This is what I could fine regarding your question. AWS explains it well
Shared Tenancy – Default
The default tenancy model is the one most commonly used with AWS. Multiple customers will share the same pieces of hardware even though they don’t interact with each other. Remember that underneath the covers in AWS, there is a physical host with a hypervisor running on it to handle the virtualization of CPU, Memory, Storage etc. Customers will choose to deploy a new EC2 instance and AWS fits that instance onto the appropriate physical host and isolate it from other customers even if they’re sharing the same physical resources. This is generally the option that you will want to use unless you have regulatory compliance or licensing restrictions causing you to pick a dedicated model. The shared tenancy model is also the cheapest option for running your EC2 instances.
As mentioned previously, dedicated tenancy ensures that your EC2 instances are run on hardware specific to your account but comes at a price. AWS usually focuses on driving down costs to operate their data centers and providing you your own isolated hosts to use makes that difficult. The result is that different charges need to be added to make it worthwhile to offer to their customers. Now, you might be asking why you’d want to use a dedicated tenancy model when there are pricing complications associated with them. In some cases due to licensing restrictions some software isn’t allowed to be run on a shared tenancy model. For instance if you’re trying to use Bring Your Own License (BYOL) to AWS, some licenses are based on the Socket model where the number of hosts sockets are used for licensing. In other circumstances, regulatory compliance may dictate that you can’t use the shared model. HIPAA up until earlier this year required dedicated tenancy to ensure data confidentiality. This restriction has since been removed.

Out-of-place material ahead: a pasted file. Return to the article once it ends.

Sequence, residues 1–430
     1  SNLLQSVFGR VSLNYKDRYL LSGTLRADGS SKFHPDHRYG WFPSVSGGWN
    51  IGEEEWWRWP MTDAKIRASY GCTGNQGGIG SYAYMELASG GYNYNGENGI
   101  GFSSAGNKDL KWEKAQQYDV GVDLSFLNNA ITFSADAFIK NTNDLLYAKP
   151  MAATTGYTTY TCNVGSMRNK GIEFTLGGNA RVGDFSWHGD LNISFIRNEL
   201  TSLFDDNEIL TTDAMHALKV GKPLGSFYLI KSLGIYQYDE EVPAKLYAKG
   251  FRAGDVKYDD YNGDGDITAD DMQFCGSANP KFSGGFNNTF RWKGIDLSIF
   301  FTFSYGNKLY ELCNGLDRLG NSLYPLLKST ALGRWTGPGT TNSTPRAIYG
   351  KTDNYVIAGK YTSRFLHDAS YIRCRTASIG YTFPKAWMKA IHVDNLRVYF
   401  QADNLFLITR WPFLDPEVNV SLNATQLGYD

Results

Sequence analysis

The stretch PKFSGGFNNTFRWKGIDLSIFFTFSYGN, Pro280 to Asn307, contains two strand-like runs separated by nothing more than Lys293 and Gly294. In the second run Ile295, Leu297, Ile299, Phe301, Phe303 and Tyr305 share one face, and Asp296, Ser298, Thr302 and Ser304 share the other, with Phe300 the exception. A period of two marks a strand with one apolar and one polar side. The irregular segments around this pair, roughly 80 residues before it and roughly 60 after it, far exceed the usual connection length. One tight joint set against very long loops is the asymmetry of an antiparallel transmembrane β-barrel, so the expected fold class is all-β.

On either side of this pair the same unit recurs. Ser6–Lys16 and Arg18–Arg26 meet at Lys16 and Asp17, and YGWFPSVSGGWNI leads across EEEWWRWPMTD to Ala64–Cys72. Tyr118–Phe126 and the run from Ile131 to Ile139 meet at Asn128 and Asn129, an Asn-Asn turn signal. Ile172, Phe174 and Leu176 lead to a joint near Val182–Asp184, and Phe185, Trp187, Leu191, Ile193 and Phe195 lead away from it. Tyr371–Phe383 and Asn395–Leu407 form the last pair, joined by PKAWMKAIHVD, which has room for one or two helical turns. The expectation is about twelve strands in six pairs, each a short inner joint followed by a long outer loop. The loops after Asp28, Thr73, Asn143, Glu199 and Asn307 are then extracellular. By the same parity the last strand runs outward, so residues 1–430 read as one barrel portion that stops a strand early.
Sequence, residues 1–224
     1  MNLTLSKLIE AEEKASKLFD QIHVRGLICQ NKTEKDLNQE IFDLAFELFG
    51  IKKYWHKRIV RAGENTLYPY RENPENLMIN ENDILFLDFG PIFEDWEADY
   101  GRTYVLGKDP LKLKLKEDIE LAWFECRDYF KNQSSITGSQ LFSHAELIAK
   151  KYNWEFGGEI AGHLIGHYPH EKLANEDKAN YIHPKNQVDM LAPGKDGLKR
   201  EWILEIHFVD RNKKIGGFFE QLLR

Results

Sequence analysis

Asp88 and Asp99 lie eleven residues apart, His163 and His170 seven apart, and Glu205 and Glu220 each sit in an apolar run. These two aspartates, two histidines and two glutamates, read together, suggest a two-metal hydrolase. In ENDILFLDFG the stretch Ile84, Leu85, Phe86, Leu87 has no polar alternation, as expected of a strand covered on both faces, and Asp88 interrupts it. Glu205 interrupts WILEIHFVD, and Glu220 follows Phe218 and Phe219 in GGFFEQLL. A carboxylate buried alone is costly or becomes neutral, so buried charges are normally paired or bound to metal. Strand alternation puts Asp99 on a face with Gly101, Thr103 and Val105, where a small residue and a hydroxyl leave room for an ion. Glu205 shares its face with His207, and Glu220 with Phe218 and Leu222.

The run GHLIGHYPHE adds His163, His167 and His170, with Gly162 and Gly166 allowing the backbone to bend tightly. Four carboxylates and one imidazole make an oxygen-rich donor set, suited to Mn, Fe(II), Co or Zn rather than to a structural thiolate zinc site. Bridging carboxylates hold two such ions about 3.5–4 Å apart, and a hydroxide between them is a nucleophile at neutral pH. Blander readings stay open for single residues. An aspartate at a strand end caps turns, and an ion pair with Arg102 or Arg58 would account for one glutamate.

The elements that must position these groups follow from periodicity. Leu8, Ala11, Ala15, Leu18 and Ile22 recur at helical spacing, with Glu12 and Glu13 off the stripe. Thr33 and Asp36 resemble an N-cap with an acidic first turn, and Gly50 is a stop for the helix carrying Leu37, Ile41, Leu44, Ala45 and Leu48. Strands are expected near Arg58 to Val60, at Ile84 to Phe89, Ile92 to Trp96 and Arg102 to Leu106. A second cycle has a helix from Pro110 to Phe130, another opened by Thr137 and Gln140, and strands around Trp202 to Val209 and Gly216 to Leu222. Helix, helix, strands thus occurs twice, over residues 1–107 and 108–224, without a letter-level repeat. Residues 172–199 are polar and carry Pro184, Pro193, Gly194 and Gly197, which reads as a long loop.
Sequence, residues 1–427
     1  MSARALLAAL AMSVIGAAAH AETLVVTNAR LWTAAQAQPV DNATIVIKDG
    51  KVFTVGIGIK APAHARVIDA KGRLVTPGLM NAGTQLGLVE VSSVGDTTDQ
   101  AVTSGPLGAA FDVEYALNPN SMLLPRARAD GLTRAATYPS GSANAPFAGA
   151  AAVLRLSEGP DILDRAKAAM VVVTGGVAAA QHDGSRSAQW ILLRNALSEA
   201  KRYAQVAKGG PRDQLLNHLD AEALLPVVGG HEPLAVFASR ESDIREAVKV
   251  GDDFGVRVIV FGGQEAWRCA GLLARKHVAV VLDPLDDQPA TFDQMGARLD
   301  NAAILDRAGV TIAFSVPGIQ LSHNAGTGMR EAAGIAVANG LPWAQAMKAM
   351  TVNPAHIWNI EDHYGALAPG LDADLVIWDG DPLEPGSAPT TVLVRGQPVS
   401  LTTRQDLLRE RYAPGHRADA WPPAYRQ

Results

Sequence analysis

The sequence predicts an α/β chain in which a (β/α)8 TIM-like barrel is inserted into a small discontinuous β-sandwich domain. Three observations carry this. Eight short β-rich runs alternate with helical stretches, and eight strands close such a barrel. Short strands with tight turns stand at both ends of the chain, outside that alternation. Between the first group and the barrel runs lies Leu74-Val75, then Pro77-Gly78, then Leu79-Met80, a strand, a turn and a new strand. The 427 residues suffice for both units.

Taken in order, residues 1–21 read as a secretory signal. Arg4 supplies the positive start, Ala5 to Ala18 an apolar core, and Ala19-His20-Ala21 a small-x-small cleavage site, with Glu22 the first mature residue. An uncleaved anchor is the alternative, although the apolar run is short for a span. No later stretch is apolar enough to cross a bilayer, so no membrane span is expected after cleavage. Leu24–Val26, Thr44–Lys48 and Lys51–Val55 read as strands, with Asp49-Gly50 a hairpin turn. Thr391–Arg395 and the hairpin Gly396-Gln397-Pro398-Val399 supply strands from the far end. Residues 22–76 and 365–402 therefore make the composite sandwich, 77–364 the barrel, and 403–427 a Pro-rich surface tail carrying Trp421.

There are two different options for dedicated tenancy with AWS: Dedicated Hosts and Dedicated Instances.